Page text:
Fischer, T., Yair, A., Veste, M.,  Biogeosciences Discuss., 9, 12711-12734, 2012. (more…)

Biological soil crust sand dunes Lieberose, Brandenburg, NE Germany

Biological soil crusts on temperate dunes near Lieberose, Brandenburg 


Small scale spatial heterogeneity of Normalized Difference Vegetation Indices (NDVIs) and hot spots of photosynthesis in biological soil crusts 


Normalized Difference Vegetation Indices (NDVIs) are typically determined using satellite or airborne remote sensing, or field portable spectrometers, which give an averaged signal on centimetre to metre scale plots. Biological soil crust (BSC) patches may have smaller sizes, and ecophysiological, hydrological as well as pedological processes may be heterogeneously distributed within this level of resolution. A ground-based NDVI imaging procedure using low-cost equipment (Olympus Camedia 5000z digital camera equipped with a Hoya R72 infrared filter) was developed in this study to fill this gap at the level of field research, where carrying costly and bulky equipment to remote locations is often the limiting factor for data collection. Method principle and field data are presented, and the field experiment was deepened comparing NDVI measurements and CO2 turnover of soil crust samples in the laboratory, backing the reliability of the approach.

A commercially available colour rendition chart with known red (600–700 nm) and NIR (800–900 nm) reflectances was placed into each scene and used for calibration purposes on a per-image basis. Generation of NDVI images involved (i) determination of red and NIR reflectances from the pixel values of the red and NIR channels, respectively, and (ii) calculation and imaging of the NDVI, where NDVI values of −1 to +1 were mapped to grey values of 0 to 255. The correlation between NDVI values retrieved from these images and NDVI values determined using field spectrometry was close (r2 = 0.91), the 95% confidence interval amounted to 0.10 NDVI units. The pixel resolution was 0.8 mm in the field and 0.2 mm in the laboratory, but can still be improved significantly with closer distance to the crust or with higher camera resolution. NDVI values obtained using the new method were related to the net CO2 uptake of BSCs, where both slope and correlation coefficient of the respective regression function conformed with literature data. Geostatistical analysis revealed that both spatial variability of net CO2 uptake as well as size of individual hot spots of this parameter increased with crust development. The latter never exceeded 4 mm in the investigated crusts, which points to the necessity of high resolution imaging for linking remote sensing with ecophysiology. Perspectively, the new method could be used for field monitoring of both biological soil crusts and vascular vegetation.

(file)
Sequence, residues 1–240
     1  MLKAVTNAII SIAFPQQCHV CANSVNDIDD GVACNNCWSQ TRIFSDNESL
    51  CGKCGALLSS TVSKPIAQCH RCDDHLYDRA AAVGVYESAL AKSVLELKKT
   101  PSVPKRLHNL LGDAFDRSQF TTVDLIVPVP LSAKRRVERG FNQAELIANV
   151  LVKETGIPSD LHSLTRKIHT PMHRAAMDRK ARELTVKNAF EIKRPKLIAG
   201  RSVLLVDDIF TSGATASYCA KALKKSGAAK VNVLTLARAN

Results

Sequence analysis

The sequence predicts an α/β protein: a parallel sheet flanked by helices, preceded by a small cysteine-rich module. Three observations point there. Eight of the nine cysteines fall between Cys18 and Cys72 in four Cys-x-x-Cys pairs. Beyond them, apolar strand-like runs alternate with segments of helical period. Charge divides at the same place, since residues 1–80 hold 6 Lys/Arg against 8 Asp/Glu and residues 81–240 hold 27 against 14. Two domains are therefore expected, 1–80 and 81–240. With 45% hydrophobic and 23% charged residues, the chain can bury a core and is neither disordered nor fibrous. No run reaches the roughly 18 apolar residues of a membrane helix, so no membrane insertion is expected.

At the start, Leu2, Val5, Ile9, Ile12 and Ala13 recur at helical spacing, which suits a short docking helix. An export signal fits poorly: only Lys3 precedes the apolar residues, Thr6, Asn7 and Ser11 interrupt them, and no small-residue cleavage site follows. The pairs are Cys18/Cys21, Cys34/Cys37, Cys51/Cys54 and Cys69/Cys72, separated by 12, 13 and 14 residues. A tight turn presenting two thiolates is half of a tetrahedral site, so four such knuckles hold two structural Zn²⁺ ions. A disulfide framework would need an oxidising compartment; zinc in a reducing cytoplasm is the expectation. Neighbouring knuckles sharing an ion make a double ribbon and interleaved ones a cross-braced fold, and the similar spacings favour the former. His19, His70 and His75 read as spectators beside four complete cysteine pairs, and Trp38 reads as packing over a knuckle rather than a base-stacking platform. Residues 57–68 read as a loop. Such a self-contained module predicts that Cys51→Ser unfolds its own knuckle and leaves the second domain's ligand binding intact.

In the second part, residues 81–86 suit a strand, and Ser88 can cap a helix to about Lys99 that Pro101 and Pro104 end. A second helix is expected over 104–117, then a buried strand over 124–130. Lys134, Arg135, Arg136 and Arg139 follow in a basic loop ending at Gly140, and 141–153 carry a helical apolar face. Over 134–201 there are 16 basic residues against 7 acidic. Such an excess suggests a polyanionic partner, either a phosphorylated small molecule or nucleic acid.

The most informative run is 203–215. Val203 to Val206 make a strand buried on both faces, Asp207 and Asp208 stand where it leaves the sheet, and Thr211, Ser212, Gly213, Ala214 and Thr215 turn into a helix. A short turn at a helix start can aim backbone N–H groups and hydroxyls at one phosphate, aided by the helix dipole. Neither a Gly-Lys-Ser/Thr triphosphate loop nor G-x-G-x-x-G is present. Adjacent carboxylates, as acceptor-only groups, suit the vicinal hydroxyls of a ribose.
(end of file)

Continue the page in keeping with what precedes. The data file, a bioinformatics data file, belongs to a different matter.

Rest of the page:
Fischer, T., Veste, M., Eisele, A., Bens, O., Spyra, W.,  Hüttl, R.F., Flora 207 (3), 159-167, 2012 (more…)